HR director, NHS
For the first two thirds of 2004 I spent a lot of time worrying about the European Working Time Directive, which partially came into effect on 1 August, and the Rest Directive which covered junior doctors for the first time.
Generally in a hospital the senior doctors or consultants work from 8.30am to 6pm, Monday to Friday and outside these hours the junior doctors in training mainly supply the medical cover. For many years the NHS also had this system of residents on call, where doctors were asked to cover for 16 hours on the expectation that they would only work for half that time and not get paid for the hours they were asleep or watching TV.
The Working Time Directive changed all this, as it said that doctors had to be paid for all the time they are on site – even when they’re not working. Depending on what way you look at it, this immediately doubled our pay bill or halved our medical resources.
Broadly speaking we asked doctors to switch from on-call to working shifts and changed the rotas so there was lots of cross-covering. We also developed specialist teams of medical and non-medical staff under the Hospital At Night programme.
We organised a huge communications exercise and used our performance management arm to identify those hospitals that weren’t ready for the changes and focused closely on them. It was a long, complex process but the result was that by 1 August the NHS was almost totally compliant.
HR director, DLA
Uppermost in our minds is the European Directive on consultation, due to be implemented in 2005. More specifically, how we set up a communication and consultation network that conforms to the legislation and keeps the business functioning.
This time last year we had more branches in the UK than continental Europe. Now we have more in Europe. So we have had to cope with lots of issues to do with integration, harmonisation and communicating to make sure the culture of the firm is the same regardless of where it is
At the same time, we have had to come to terms with lots of different national and European laws and, more specifically, how each country interprets European law, because it can vary enormously.
We have mainly done this through talking and listening – and trying our best to never assume that what we do in the UK is right. Part of that comes from realising that we are dealing with different cultures that consult in different ways. For instance, the Dutch are a very liberal society and expect you to consult on everything, and the British expect you to just get on with it.
It all relies on having flexibility within your team to effectively deal with each situation in the context of the wider European law. But it’s also about listening to see how HR operates in each county, how it is used, what it does and what it is capable of.
HR director, Argos Group
The national minimum wage has had the biggest implications for us as a retailer because we have a high number of low-paid employees in our stores. But we take the opinion that the government has made the decision so we have to implement it.
Our only concern is the speed with which it has risen above £5, as over the next few years this will have a major effect on everyone else. If we have to increase pay by 7 or 8 per cent for the low paid, it has to be at the expense of the other levels. Other benefits like pensions and health plans are also at risk because at the end of the day there is a limited pot of money. And in a low inflation, price competitive climate there is limited opportunity to pass those cost increases on to the consumer. In the end the business suffers.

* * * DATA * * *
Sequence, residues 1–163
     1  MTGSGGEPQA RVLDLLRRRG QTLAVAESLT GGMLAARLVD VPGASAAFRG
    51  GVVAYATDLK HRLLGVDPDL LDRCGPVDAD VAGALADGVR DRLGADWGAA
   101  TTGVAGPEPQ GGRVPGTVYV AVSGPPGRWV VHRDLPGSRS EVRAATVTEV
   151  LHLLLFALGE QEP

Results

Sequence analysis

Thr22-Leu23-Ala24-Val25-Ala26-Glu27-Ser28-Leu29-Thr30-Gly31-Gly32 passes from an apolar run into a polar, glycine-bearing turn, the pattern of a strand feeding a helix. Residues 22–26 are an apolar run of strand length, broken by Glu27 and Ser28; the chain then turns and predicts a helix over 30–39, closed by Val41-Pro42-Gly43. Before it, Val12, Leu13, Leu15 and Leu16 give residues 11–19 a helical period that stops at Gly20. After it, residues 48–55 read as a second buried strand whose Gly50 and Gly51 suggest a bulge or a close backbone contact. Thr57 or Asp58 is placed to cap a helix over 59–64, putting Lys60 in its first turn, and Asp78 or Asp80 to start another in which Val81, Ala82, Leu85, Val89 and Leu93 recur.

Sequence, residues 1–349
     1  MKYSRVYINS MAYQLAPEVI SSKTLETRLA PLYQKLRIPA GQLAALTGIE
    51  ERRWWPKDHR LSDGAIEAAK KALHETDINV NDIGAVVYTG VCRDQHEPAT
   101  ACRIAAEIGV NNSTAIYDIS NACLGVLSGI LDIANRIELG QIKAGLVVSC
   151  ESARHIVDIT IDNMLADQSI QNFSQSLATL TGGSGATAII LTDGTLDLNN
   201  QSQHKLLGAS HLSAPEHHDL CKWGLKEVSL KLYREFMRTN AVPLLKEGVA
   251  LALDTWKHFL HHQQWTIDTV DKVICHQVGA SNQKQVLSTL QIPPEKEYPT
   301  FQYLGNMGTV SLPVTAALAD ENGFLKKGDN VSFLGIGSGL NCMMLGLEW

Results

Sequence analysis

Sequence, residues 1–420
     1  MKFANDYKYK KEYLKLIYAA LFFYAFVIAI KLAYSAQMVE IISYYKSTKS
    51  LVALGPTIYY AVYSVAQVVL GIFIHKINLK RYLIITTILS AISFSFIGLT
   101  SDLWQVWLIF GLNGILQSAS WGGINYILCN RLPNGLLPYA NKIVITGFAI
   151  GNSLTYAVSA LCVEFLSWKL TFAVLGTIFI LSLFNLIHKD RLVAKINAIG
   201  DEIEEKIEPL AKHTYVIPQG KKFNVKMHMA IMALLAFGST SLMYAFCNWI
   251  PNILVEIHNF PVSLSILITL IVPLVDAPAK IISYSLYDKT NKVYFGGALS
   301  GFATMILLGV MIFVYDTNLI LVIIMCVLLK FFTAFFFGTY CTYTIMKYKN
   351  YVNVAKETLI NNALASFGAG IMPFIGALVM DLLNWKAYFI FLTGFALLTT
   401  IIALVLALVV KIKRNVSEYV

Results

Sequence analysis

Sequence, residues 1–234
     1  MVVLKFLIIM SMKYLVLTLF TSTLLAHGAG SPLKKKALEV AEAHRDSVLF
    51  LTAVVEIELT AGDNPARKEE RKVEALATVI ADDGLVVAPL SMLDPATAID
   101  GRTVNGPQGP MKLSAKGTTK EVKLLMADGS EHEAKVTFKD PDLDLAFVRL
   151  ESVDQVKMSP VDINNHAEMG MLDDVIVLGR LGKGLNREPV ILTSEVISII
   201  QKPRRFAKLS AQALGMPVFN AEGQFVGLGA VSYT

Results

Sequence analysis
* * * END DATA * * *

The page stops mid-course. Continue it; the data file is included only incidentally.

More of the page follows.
From an HR point of view we have simply done our best to accommodate the effects. There are 5,000 people within the Argos Retail Group and there is no doubt that it has focused our attention on giving the low paid a reasonable wage. Very few people have issues with the principle of properly rewarding people who work so hard for us. It just has to be watched carefully to see the effects it has on the wider aspects of the business.
Head of branch pay, benefits and policy development, Department of Constitutional Affairs
The Department of Constitutional Affairs runs the courts in England and Wales and has around 12,000 employees. But as of 1 April 2005, we will also be responsible for the employees of the 42 magistrates’ courts in England and Wales. This means we will roughly double in size.
The difficulty is that until now magistrates’ courts have employed their own staff and been run by separate committees. As a result, they have all developed their own approaches to such things as reward structures and pay.
Our job is to draw this into a single body, so over the last 12 months we have primarily been concerned with TUPE. The question has been how you build an organisation that protects people’s rights under TUPE; while simultaneously negotiating things like a new reward structure, pension plan, working conditions and contractual terms? For instance, we have to create a single HR policy out of 43 different disciplinary procedures.
While TUPE is rightly designed to protect people, staff also generally want to keep the best bits of their old systems to merge with the best bits of everyone else’s. Unfortunately, the simple truth is that we can’t afford to do this.
It is basically a huge jigsaw puzzle made infinitely more complicated by TUPE. To get around it we have set a clear timetable of what has to be completed by next April. We have also had to transmit to people that there is basically a limit to what you can and can’t expect.